Suicide: Risk factors, protective factors, and what we can do

View of the inside of the Elmer Holmes Bobst L...

Inside of Bobst Library at NYU

Last Wednesday, openly-gay 19 year-old sophomore Raymond Chase took his own life by hanging himself in his dorm room. Raymond, and countless others such as Seth Walsh, Asher Brown, and Billy Lucas chose to despair over getting help. They were being bullied for being openly gay.

I’m opening the blog portion of my site with the issue of suicide because of the recent suicides in the US and one of the most horrific murder-suicides that occurred here in Israel in September (see here but warning you, it’s gut wrenching). It’s something we’ve all faced. When I was at New York University studying social work, there were two suicides, both boys who jumped from the 10th floor of the Bobst Library. I remember there being memorials, which were extremely important to all of us, but there was very little education. No one spoke of untreated depression or risk factors.

The threat of suicide is almost omnipresent. It’s at school, in our communities, in our places of worship and at home. We encounter it but don’t know exactly what to do when it appears, and we are often unable to successfully deal with it.

People who need to be aware of risk factors are parents, teachers, rabbis, grandparents, fellow students, madrichot/school counselors, and administrators.  By being aware of certain risk factors, we can do more to prevent these occurrences.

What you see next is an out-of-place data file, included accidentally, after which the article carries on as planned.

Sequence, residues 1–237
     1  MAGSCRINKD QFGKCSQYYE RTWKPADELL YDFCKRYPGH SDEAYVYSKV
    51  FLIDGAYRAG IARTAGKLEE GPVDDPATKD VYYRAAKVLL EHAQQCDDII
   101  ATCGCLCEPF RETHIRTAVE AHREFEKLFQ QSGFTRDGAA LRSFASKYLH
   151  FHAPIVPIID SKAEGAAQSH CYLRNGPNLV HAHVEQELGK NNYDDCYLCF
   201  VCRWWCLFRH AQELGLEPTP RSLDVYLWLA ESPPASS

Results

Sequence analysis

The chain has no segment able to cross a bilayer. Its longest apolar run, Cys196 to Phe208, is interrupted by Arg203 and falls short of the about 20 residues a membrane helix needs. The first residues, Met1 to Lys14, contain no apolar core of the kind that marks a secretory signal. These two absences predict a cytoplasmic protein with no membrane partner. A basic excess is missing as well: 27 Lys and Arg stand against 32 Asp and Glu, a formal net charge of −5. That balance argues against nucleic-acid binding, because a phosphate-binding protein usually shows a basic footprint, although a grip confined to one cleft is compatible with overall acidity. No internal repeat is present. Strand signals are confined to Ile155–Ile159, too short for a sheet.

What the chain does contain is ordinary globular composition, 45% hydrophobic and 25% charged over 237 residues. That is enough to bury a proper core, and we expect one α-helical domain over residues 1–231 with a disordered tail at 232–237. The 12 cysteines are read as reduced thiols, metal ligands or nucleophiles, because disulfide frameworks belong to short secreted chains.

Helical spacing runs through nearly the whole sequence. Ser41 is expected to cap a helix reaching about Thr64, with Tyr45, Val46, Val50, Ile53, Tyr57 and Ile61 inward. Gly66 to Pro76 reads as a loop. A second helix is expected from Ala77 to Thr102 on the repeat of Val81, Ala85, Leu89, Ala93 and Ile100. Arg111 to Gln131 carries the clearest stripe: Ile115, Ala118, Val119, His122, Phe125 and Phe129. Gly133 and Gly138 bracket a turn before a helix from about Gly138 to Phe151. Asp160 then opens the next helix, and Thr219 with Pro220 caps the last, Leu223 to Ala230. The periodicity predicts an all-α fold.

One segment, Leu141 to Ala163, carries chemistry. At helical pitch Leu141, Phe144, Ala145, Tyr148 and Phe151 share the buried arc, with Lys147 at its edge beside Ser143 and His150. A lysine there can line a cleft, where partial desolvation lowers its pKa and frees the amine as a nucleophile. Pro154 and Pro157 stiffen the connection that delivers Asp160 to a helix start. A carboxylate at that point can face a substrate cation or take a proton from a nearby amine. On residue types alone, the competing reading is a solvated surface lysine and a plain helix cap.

Here in Israel, the CEO of Leader Capital Markets jumped to his death from his Tel-Aviv office. Suicide is not only a teen problem, although we hear a lot about it in that age-group. It’s a problem that permeates every age group and level of society. What can we do?

The Suicide Prevention Resource Center online states that by altering the interaction between risk factors (for the individual) and protective factors (such as coping skills, community resources, familial resources) we can create ways of preventing incidents of suicide. However, a limited number of studies on the subject exists today (Móscicki, 1997). Another problem which often comes up when treating adolescents, is how to quantify “intent to commit suicide”. For example, does self-injurious behavior count? Because this area is so difficult to study, one cannot yet say that self-injurious behavior and suicide are the same (Duberstein et al., 2000; Linehan, 1986).

But what we can glean from this information?  We, as parents, need to “be there”. Meaning to Listen (with a capital L). L’havdil- I’ll never forget when my two-year old son was having a tantrum one day when I brought him to daycare. All I wanted to do was take him to his class so I could get to work, but he was just screaming. I was getting flustered and he was getting louder. The administrator, a loving, sweet “Savta (grandmother)” type named Sima, came over and in her loving way said, “lets listen to him”. I didn’t feel slighted, but I did take a step back, got on my knees, and asked him what he wanted. I can’t remember now what it was – I think it was a cookie, but it doesn’t really matter. He felt like I was “there”. I was present for him. I think about that lesson every day.